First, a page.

Earlier this month, the European Commission announced that it has adopted “two sets of standard contractual clauses, one for use between controllers and processors and one for the transfer of personal data to third countries.” The new SCCs take into account new requirements under the General Data Protection Regulation as well as the Court of Justice’s Schrems II opinion.
The Commission previously issued drafts of these documents. The Commission stated that the final documents take into account comments made by various stakeholders, including the joint opinion of the European Data Protection Board and European Data Protection Supervisor.
The new documents will require extensive analysis over the coming weeks. That said, for U.S. entities, one footnote that will likely draw much discussion in light of the Schrems II decision is footnote 12 in the standard contractual clauses for international transfers. That footnote is found in Section III, Clause 14 (Local law and practices affecting compliance with the Clauses). The corresponding text states that:
The Parties declare that in providing the warranty in paragraph (a), they have taken due account in particular to the following elements:
(i) the specific circumstances of the transfer, including the length of the processing chain, the number of actors involved and the transmission channels used; intended onward transfers; the type of recipient; the purpose of processing; the categories and format of the transferred personal data; the economic sector in which the transfer occurs; the storage location of the data transferred;
(ii) the laws and practices of the third country of destination– including those requiring the disclosure of data to public authorities or authorising access by such authorities – relevant in light of the specific circumstances of the transfer, and the applicable limitations and safeguards [footnote 12];
(iii) any relevant contractual, technical or organisational safeguards put in place to supplement the safeguards under these Clauses, including measures applied during transmission and to the processing of the personal data in the country of destination.
Footnote 12 explains:
As regards the impact of such laws and practices on compliance with these Clauses, different elements may be considered as part of an overall assessment. Such elements may include relevant and documented practical experience with prior instances of requests for disclosure from public authorities, or the absence of such requests, covering a sufficiently representative time-frame. This refers in particular to internal records or other documentation, drawn up on a continuous basis in accordance with due diligence and certified at senior management level, provided that this information can be lawfully shared with third parties. Where this practical experience is relied upon to conclude that the data importer will not be prevented from complying with these Clauses, it needs to be supported by other relevant, objective elements, and it is for the Parties to consider carefully whether these elements together carry sufficient weight, in terms of their reliability and representativeness, to support this conclusion. In particular, the Parties have to take into account whether their practical experience is corroborated and not contradicted by publicly available or otherwise accessible, reliable information on the existence or absence of requests within the same sector and/or the application of the law in practice, such as case law and reports by independent oversight bodies.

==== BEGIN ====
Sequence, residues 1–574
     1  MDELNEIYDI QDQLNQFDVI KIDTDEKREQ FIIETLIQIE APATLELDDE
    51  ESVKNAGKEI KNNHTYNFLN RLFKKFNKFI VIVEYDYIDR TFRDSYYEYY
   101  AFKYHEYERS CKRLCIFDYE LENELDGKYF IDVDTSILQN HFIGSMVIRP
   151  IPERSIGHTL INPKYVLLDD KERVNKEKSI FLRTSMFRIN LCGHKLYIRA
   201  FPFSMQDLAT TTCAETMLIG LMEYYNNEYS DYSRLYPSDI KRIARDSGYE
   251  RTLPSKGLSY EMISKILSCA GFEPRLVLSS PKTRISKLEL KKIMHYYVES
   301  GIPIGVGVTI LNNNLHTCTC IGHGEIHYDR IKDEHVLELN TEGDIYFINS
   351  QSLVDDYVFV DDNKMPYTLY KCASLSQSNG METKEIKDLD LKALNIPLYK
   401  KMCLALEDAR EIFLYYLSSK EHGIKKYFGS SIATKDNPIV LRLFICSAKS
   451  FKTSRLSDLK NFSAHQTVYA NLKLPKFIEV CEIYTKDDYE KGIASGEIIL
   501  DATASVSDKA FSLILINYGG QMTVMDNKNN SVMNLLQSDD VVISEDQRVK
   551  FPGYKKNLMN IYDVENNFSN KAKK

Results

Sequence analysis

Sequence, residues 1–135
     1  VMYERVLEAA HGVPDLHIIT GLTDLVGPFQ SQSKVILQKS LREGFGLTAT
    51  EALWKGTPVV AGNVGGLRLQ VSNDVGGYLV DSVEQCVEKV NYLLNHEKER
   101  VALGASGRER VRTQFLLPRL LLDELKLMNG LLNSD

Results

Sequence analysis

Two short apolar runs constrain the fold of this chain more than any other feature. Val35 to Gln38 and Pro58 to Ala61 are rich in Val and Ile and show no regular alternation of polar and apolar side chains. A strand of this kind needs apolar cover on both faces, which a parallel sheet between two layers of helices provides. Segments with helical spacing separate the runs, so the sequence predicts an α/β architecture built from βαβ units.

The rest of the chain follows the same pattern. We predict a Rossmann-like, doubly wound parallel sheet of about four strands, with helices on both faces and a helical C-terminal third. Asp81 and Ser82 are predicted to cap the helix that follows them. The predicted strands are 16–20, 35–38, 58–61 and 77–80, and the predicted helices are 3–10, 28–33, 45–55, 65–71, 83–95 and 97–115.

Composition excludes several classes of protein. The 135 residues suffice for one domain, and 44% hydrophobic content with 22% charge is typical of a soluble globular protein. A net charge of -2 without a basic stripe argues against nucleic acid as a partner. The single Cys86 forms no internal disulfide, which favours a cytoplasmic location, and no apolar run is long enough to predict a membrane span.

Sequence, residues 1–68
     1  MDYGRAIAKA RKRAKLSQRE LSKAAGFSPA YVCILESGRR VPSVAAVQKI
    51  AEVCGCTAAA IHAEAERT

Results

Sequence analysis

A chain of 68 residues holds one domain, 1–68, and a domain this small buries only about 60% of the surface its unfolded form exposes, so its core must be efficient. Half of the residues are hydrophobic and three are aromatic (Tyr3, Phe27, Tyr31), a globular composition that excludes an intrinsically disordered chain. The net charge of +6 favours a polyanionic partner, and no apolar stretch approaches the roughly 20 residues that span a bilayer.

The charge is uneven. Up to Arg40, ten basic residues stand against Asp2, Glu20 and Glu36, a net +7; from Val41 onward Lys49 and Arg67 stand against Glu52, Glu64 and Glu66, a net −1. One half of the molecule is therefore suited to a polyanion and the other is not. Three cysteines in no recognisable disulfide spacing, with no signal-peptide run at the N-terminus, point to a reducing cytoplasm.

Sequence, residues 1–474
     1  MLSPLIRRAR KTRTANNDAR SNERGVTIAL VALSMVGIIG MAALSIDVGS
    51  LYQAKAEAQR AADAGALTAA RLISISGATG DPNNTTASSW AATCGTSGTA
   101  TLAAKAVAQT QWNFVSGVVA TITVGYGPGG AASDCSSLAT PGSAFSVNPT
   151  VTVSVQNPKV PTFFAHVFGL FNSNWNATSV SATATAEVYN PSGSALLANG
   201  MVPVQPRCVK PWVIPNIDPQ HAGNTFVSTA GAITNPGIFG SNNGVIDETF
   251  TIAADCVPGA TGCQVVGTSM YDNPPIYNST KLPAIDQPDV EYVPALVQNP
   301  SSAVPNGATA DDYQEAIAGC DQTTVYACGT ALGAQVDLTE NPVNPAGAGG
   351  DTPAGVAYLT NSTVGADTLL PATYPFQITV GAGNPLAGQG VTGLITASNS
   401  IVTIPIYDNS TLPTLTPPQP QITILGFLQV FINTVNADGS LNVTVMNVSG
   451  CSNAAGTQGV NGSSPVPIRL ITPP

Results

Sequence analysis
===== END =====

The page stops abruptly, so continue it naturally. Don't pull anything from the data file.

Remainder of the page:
The allowance for parties to take into account “practical experience” when analyzing the legality of data transfers is a concession to business interests who had argued that a risk-based approach was consistent with GDPR. It also contrasts the EDPB’s recommendations for a pure objective analysis.
It also is worth noting that the Implementing Decision affirms that the parties are “free to include [the] standard contractual clauses in a wider contract and to add other clauses or additional safeguards, provided that they do not contradict, directly or indirectly, the standard contractual clauses or prejudice the fundamental rights or freedoms of data subjects.”
As noted, more detailed analysis will be required over the coming weeks as covered entities look to take the necessary steps to drive compliance with these new documents.